These are remarkably blunt words from a former diplomat at the UN.

Dr Malloch's whole argument is possibly best summed up by the following adaptation by me of his concluding paragraph: "I do not deny that people, and companies, can be virtuous (even) if they lack faith. But...virtue endures and spreads because it is sustained by and through faith. The spiritual capital built up by previous generations (can be squandered, or it can be) borrowed and invested by others who do not have the faith to renew it, though at some point it surely must be renewed. This renewal of spiritual capital in the business sphere and its specific enterprises is what the faith-guided company achieves. In the new conditions created by the global economy, the informaiton revolution and the growth of smart technologies, it is more than ever necessary for all companies to be guided by (a) rich spiritual inheritance, as spiritual enterprises. For only in so doing will they realize (the) incomparable source of the certainties that they will need in order to succed in (the) highly competitive and interconnected international commerce that we have (created)".

For its unfashionableness, for its honesty and integrity, and for the elegance of its thought and expression, I thoroughly recommend this book. It is essential reading for everyone concerned about the issues of our age. Sphere: Related Content

The Euro, the Dollar, Bubbles and the simple fact of the oversupply of money

The Euro is an inherently unstable currency which has been stress-tested only once or twice. My judgment is that the Euro will inevitably and very suddenly come under pressure soon, due to the diverging fortunes of the fairly solid northern part of the Continent and the rather more frothy east and south (as well as Ireland).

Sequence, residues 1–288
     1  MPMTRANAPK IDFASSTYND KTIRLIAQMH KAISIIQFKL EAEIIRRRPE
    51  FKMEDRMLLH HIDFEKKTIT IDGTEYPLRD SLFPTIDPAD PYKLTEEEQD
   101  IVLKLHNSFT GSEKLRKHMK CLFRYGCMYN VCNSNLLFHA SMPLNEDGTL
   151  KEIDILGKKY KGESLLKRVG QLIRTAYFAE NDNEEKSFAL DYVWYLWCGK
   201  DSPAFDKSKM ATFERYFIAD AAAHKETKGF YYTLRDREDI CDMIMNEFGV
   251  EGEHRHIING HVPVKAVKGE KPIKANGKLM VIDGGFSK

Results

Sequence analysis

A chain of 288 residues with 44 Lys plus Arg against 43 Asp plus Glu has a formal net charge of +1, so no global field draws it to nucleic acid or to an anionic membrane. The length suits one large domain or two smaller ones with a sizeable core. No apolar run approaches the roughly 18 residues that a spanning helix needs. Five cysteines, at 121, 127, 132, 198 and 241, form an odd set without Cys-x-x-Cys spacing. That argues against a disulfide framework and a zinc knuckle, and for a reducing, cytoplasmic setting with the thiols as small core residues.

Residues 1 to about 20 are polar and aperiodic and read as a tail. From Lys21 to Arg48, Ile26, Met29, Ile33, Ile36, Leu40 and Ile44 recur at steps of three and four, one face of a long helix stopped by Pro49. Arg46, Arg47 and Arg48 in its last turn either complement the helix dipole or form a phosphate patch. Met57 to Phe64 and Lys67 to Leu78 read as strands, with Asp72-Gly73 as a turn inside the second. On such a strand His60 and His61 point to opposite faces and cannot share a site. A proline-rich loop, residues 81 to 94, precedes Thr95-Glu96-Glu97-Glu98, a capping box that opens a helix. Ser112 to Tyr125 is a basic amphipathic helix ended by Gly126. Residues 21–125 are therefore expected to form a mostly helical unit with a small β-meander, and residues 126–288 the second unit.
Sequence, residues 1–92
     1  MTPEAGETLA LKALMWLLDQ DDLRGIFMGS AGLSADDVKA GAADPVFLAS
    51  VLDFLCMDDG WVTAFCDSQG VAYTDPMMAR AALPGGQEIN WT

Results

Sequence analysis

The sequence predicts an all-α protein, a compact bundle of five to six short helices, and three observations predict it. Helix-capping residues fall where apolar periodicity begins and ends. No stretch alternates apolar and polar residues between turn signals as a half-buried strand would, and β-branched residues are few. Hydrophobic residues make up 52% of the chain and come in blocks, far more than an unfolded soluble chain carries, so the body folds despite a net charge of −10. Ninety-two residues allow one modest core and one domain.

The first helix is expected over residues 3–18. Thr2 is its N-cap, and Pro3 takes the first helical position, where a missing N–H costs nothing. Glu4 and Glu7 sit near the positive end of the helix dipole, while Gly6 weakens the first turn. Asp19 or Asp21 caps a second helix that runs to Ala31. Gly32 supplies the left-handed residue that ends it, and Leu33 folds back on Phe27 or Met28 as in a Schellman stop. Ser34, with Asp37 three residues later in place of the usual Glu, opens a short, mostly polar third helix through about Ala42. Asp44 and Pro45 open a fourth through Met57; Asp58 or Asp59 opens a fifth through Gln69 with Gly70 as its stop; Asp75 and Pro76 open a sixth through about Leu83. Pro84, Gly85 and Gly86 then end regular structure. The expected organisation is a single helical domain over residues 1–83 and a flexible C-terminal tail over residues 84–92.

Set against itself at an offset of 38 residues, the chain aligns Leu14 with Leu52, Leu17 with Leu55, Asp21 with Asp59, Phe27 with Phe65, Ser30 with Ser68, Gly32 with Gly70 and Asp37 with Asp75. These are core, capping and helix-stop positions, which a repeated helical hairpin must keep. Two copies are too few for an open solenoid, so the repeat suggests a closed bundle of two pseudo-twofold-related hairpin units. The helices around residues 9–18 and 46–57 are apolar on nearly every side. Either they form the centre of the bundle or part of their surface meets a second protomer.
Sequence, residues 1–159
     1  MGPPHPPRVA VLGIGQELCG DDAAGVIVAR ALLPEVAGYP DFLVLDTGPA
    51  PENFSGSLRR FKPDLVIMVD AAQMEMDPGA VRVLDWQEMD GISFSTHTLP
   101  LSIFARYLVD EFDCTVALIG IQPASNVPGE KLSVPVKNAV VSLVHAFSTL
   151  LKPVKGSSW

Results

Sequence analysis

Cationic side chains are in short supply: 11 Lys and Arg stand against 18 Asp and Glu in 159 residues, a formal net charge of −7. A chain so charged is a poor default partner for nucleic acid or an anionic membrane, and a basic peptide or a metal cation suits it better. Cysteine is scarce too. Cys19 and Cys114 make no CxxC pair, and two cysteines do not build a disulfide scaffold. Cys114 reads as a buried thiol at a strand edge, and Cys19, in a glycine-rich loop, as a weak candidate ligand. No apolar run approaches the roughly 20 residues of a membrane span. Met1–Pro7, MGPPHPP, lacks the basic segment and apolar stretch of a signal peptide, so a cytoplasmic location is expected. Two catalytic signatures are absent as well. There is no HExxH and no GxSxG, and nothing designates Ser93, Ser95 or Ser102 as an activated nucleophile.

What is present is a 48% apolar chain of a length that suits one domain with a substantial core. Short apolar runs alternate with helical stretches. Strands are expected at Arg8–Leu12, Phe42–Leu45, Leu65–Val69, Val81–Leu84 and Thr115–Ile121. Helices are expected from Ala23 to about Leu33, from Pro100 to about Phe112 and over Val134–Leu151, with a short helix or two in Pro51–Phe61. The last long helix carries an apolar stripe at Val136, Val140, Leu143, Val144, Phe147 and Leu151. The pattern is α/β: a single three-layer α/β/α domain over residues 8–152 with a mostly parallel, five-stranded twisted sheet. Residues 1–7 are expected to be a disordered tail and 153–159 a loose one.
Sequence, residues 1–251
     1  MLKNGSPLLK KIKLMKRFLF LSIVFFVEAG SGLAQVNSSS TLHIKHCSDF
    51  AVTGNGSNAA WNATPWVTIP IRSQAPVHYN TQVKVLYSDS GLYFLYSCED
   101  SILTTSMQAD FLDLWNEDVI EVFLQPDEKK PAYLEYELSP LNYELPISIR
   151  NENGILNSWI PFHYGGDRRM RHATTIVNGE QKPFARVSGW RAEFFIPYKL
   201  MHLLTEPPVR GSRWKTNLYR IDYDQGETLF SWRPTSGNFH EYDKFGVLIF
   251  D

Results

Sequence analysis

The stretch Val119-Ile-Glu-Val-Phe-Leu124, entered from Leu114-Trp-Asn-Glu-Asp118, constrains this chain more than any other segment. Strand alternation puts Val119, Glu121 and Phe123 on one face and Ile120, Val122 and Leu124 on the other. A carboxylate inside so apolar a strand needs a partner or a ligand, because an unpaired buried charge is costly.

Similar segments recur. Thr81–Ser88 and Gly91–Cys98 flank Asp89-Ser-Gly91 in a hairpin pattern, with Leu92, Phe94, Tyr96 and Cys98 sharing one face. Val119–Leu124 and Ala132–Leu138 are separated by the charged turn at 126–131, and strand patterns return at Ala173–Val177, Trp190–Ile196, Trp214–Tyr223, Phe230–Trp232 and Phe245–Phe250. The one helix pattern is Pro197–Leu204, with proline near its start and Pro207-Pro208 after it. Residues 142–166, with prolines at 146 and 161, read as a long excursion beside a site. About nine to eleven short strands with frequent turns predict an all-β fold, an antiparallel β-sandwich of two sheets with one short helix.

On the other hand, the dollar must be at or near the bottom (watch for the US authorities to intervene as soon as equity and/ or bond prices start being affected by the slide of the dollar - which can't be very far away).

BTW the pressure on the Euro will also lead to pressure on all emerging market economies, even those that have somehow weathered the crisis so far. So it is probably time to underweight those currencies as well.

How can emerging market economies come under pressure, you may wonder, when their natural resource commodities are riding so high?

My view is that we now have a bubble in oil, gas, and most natural resource commodities - and this bubble won't last long either.

The problem is: where will the next bubble be created? Around the globe, we have printed excess money since at least immediately after 9/11 (not to mention the fashion for increasing astronomies of leverage!), and all this money must be placed SOMEwhere: wherever the money goes, we have and will have a bubble, because the money is now travelling purely to speculative destinations without regard to fundamentals.

Indeed the excess supply of money has itself become the most fundamental factor creating bubbles and destablisation worldwide.

The proposals from the FSF and the Basel Committee are merely tinkering around the edges of the real problems facing the global economy today: because these institutions refuse to face the simple fact of the oversupply of money. Sphere: Related Content